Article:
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Submission re Justin Sheedy’s Next Book requested by Major Publisher

28 October 2010

Yes, folks, have had the manuscript of my next book, Ghosts of the Empire, requested by a major publisher.  See below the included Synopsis…


Ghosts of the Empire

An Historical Fiction by Justin Sheedy – 106 000 Words

(Justin Sheedy is the author of Goodbye Crackernight as featured recently at the Byron Bay Writers Festival 2010)

Ghosts of the Empire is based on the true story of the 37 000 young Australian airmen of the Empire Air Training Scheme, World War Two, who trained to fly in Australia then crossed the oceans, along with young men from all corners of the Commonwealth, to fight a war in the air – the majority headed for what they viewed at the time as ‘The Mother Country’, England.  Ghosts of the Empire is the story of one of these young men.

Daniel Quinn is typical of the elite breed of young Australians of the Empire Air Training Scheme:  To be picked for training as aircrew, let alone as pilots, they had to be nothing less than the best and brightest of their generation, physically and mentally.  (Ironically, as Ghosts of the Empire reveals, this ‘best and brightest’ turned out to have picked the fastest way to die of World War Two – if they survived Training.)  As was common for his ilk, at the outbreak of war in 1939 Quinn is a 20-year-old Law student and star rugby union player.  Hard-working, thoughtful and justice-driven, he is popular, respected by his peers though still humble.  The young men (and women) he encounters on his path to and through the war are exceptional characters each in their own way – some quite delightful: their high personal calibre / talent level being the very reason they have ‘made the grade’ of their elite.  No matter their disparate backgrounds they are bound together by their uncommon intelligence and unity of purpose, in modern hindsight a bunch of first-time Aussie backpackers except with a unique responsibility: no less than that of slamming the door on the evil empire of Nazism.

On Quinn’s wartime journey, his personality is transformed by his experiences from his peaceful pre-war self into an efficient and professional killer, leader of a squadron of fighter bombers specialising in ultra-low-level rocket attack.  Along the way he sees almost all his friends die, the demise of the greatest of them all inducing Quinn’s personality to come full circle.  As a result he survives the war, ending up an old man surrounded by ghosts of the forever young.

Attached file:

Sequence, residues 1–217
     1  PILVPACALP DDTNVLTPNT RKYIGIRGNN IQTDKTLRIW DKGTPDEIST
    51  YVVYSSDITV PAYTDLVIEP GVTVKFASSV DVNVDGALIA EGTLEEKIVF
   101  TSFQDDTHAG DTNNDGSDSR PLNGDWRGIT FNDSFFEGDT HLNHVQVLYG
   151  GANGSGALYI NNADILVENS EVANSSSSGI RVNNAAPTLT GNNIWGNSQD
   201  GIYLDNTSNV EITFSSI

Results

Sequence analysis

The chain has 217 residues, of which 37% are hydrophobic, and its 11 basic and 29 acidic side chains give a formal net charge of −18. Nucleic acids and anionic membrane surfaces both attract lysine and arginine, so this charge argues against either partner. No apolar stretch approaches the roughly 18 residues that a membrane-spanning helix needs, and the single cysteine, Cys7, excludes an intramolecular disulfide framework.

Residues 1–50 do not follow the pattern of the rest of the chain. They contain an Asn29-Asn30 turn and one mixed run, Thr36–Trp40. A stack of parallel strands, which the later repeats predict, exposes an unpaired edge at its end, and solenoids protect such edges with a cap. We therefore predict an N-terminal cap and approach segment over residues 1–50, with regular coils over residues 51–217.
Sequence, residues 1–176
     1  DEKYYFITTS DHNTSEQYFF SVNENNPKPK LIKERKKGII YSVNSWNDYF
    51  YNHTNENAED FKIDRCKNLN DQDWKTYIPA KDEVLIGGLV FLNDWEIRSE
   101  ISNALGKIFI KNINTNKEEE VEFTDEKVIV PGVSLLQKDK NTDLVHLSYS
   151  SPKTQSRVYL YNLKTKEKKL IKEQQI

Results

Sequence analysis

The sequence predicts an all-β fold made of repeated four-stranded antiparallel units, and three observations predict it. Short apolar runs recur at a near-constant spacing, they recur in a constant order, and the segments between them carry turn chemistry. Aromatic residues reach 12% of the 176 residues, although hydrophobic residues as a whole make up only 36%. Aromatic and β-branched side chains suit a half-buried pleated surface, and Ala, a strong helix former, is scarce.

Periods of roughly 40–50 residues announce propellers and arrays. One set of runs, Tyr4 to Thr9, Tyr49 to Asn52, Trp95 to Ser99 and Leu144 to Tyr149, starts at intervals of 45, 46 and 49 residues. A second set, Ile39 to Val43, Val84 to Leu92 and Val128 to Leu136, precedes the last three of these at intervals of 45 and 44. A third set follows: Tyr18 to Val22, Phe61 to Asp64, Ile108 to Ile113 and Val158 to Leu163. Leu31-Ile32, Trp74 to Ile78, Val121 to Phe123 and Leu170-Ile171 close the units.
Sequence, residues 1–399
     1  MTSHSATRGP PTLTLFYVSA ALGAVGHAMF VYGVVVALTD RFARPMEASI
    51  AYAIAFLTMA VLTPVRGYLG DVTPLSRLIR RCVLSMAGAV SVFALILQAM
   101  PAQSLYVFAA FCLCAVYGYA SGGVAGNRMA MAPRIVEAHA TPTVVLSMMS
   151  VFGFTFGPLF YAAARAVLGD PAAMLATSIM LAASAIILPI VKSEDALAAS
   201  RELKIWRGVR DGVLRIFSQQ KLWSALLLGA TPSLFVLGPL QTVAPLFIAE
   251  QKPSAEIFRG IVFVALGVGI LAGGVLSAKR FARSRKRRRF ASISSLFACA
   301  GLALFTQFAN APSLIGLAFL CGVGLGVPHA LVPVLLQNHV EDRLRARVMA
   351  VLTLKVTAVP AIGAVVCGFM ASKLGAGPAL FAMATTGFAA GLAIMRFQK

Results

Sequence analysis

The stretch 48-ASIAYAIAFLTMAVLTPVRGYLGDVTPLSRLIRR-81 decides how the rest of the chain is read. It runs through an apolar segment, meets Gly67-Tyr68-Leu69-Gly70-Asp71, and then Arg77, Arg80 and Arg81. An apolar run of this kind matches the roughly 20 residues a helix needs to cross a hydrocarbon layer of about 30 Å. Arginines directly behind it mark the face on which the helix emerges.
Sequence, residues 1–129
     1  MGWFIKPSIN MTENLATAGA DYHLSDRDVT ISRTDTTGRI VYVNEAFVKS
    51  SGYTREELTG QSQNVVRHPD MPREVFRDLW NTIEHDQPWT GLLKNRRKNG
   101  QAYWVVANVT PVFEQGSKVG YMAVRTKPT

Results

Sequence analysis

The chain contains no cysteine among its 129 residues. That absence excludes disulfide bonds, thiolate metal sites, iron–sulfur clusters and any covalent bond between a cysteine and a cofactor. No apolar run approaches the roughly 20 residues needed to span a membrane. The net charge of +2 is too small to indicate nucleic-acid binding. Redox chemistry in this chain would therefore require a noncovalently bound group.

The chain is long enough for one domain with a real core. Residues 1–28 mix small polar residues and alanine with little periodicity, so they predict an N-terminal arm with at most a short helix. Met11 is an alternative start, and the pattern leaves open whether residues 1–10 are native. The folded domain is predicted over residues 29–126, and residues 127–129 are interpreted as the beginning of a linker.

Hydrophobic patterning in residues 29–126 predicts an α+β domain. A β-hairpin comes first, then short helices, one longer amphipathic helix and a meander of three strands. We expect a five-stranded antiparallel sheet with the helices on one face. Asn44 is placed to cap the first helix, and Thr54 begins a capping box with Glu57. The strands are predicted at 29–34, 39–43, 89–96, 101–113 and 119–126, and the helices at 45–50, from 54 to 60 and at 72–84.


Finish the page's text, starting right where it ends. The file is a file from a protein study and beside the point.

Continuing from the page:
Though the skill, bravery and self-sacrifice of these young men is richly explored, a sub-plot to the main narrative (concerning the activities of its main female character) reveals the story’s male characters as unwitting pawns in the winning of a ‘secret war’: specifically, the covert war of ‘disinformation’ prosecuted by British Intelligence which was integral to Allied victory in World War Two.  This element of the story, as with every aspect of Ghosts of the Empire, has been based on historical fact.

Biographical Note on the Author

Justin Sheedy had his first book, Goodbye Crackernight, published at the end of 2009.  A comic memoir of growing up in 1970s Australia (when a child’s proudest possession was not a Playstation but a second-hand bike), it recently secured him a place on the official program of the prestigious Byron Bay Writers Festival 2010.  For full details, go to

Justin is now seeking a publisher for his next work, Ghosts of the Empire, the completed manuscript of 106 000 words having been through the NSW Writers’ Centre Mentorship Program, as was Goodbye CrackernightGhosts of the Empire, the product of several years’ research and Australian war veteran interviews, is a tale as exhilaratingly heroic as it is tragic, combining Justin’s passion for Australian history with his now well-appreciated sense of humour and story-telling skill.   Based on a chapter of our war history as yet untold in Fiction, Ghosts of the Empire is a tale of Australians as world-beaters in a far simpler time, a portrait of the self-sacrifice of arguably the finest generation our country has ever produced, a story that, in these uncertain times, is now ripe to be told.


2 Comments leave one →
  1. 28 October 2010 10:15 pm

    Sounds like you really have done a lot of research on this. Im reading The Great World by David Malouf [Stories of Changi] so it is all resonating within me greatly at present. Research is a great thing and I hope it hasnt dulled your own personality in this…you do have a quirky way with people and characters

  2. 30 October 2010 12:27 pm

    Cheers for the comment, Richard. Research? Yes, years of it. For me this pursuit was an enriching, highly engrossing and almost addicitive thing in itself! And such a buzz to play historical detective… The internet, of course, is the most stunning library and research tool… It was so exciting to deal online with the famous war musuems around the world and find (to one’s surprise) who the helpful and enthusiastic ones actually were (!). Brilliant communicating with individuals from historical societies and foundations all over world, sharing personal enthusiasm and curiosity, a wonderful experience. And then have the honour of ‘reanimating’ the history in a work of Fiction. The list of people who helped and contributed is Huge… Everybody from the Wagga Council Library (& municipal gardening staff) to Virginie Piquot of the Office du Tourism of Urville/Nacqueville in France, the Lord and Lady of a French Chateau, to trainspotters in the UK, the Imperial War Museum, war aviation museums, vintage car clubs, history buffs of all kinds and so many people just glad to share their knowledge and information.

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